Ron Francis – who won back-to-back Stanley Cups with the Penguins in 1991 and ’92 and spent seven total seasons with the franchise before being finishing his Hall of Fame career in Carolina – served in that same capacity under Rutherford with the Hurricanes before taking over as general manager six weeks ago.
And according to Rutherford, it was invaluable having someone there who had a relationship with the players that they felt comfortable talking with and confiding in about anything and everything.
“A lot of times, the communication with the players, it wasn't me going directly to a player. It would be ‘Ronnie,’” Rutherford explained. “They had a trust level with him. It's the same with Bill. Not long ago he was a player. I would suspect here that the players like him. It becomes a trust level.
“If you're going to deal with issues, not that the players are going to make decisions or run the team, but they have to speak up. They may have a personal problem going on, they may not be feeling good. There's so many things that happen that we all forget about when we watch a player play for a month and say 'What's wrong with this guy?' Well, there's usually a reason. Having a guy around the players a little bit more that's not the boss I think makes it easier for the players to communicate.”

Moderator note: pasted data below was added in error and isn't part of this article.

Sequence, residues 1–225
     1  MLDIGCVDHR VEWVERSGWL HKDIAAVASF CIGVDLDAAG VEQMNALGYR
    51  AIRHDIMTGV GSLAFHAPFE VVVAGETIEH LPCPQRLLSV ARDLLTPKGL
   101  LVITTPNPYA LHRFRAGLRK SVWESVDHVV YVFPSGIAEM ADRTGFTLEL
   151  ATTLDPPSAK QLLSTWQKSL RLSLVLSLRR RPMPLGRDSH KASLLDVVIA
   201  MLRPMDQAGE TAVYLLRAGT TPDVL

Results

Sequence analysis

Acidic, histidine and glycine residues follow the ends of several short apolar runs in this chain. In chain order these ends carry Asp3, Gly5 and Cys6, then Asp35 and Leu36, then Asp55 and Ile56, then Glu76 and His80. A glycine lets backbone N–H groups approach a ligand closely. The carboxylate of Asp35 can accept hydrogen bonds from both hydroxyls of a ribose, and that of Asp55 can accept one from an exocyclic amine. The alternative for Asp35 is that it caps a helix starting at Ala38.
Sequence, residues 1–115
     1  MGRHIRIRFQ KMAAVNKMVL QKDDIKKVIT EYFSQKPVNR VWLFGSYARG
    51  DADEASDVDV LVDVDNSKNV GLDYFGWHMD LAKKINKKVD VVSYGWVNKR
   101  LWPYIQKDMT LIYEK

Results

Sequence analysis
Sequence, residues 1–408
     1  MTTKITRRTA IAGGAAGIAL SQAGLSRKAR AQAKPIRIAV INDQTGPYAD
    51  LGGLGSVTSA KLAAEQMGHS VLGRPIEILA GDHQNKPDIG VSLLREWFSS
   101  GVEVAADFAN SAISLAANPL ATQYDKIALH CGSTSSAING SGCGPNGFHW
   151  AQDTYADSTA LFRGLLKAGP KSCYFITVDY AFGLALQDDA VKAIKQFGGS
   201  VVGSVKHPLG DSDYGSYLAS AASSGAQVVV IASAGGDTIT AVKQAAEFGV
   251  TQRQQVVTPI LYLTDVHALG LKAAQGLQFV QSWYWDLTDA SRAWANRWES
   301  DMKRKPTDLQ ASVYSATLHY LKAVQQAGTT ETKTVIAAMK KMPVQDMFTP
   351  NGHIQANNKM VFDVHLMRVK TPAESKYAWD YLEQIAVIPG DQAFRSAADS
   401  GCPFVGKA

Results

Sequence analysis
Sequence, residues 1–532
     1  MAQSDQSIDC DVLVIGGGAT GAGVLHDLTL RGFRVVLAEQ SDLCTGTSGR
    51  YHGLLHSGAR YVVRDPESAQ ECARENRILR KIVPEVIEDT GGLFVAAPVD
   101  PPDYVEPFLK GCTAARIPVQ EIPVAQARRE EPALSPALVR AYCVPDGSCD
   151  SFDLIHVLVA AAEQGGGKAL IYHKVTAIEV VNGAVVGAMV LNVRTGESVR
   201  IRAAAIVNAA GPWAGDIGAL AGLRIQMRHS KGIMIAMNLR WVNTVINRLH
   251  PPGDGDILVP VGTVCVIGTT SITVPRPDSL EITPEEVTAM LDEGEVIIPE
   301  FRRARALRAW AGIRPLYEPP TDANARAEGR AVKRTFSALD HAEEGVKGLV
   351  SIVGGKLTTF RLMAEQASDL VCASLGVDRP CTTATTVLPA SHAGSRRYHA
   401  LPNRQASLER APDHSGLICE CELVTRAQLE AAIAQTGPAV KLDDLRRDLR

Especially when it’s a guy like Guerin. Not just because of his prolific career and his sense of humor. It’s also because at the end of the day, he’s just a great guy, plain and simple.
Defenseman Brooks Orpik put it best when he said, “Everyone seems to gravitate toward him. He just garners that respect right away, but more importantly, he's a really, really good human being and that’s what everyone respects most about him.”
Bill Guerin, assistant GM. It’s certainly a big promotion just a few years into his post-playing career, but one that’s suited for him and well-deserved for the fine work he did mentoring the organization’s prospects. It’s something he’s always been interested in, and he’s grateful to the Penguins for both this chance and the initial opportunity to work in hockey ops.
“I’m looking forward to everything (about my new challenge),” Guerin said. “I’m still learning. I’ve worked very closely with Jason (Botterill) and very closely with Tommy (Fitzgerald) and learned a lot from them over the last couple years and will continue to do so. We’re going to work together to get back to our winning ways.”